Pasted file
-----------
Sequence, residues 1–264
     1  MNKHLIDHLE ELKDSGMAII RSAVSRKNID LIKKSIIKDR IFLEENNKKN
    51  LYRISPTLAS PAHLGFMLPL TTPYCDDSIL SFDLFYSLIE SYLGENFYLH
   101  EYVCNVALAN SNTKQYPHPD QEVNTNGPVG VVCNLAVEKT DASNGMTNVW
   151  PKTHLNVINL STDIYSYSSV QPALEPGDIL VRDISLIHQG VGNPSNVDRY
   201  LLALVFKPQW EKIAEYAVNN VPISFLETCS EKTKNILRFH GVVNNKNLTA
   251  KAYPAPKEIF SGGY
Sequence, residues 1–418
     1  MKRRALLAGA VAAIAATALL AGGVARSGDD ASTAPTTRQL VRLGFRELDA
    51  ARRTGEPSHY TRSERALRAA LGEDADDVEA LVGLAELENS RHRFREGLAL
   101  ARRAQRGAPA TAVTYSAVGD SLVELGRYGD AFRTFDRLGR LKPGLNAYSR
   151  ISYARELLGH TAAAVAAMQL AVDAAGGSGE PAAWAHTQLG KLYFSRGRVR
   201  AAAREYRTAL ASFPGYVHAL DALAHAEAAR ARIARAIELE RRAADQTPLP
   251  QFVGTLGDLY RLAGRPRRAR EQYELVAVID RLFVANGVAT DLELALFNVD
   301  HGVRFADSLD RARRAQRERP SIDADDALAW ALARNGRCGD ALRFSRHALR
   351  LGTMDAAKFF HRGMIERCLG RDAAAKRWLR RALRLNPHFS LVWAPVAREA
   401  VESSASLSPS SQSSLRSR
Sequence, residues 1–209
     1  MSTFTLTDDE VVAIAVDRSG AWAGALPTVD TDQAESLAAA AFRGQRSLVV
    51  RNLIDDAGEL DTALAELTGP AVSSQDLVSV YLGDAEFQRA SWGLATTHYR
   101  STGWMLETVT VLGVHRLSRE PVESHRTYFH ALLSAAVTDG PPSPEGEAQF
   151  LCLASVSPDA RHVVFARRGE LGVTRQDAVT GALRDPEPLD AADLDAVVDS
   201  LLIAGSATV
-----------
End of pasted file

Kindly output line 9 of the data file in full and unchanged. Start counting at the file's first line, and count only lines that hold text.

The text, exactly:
     1  MKRRALLAGA VAAIAATALL AGGVARSGDD ASTAPTTRQL VRLGFRELDA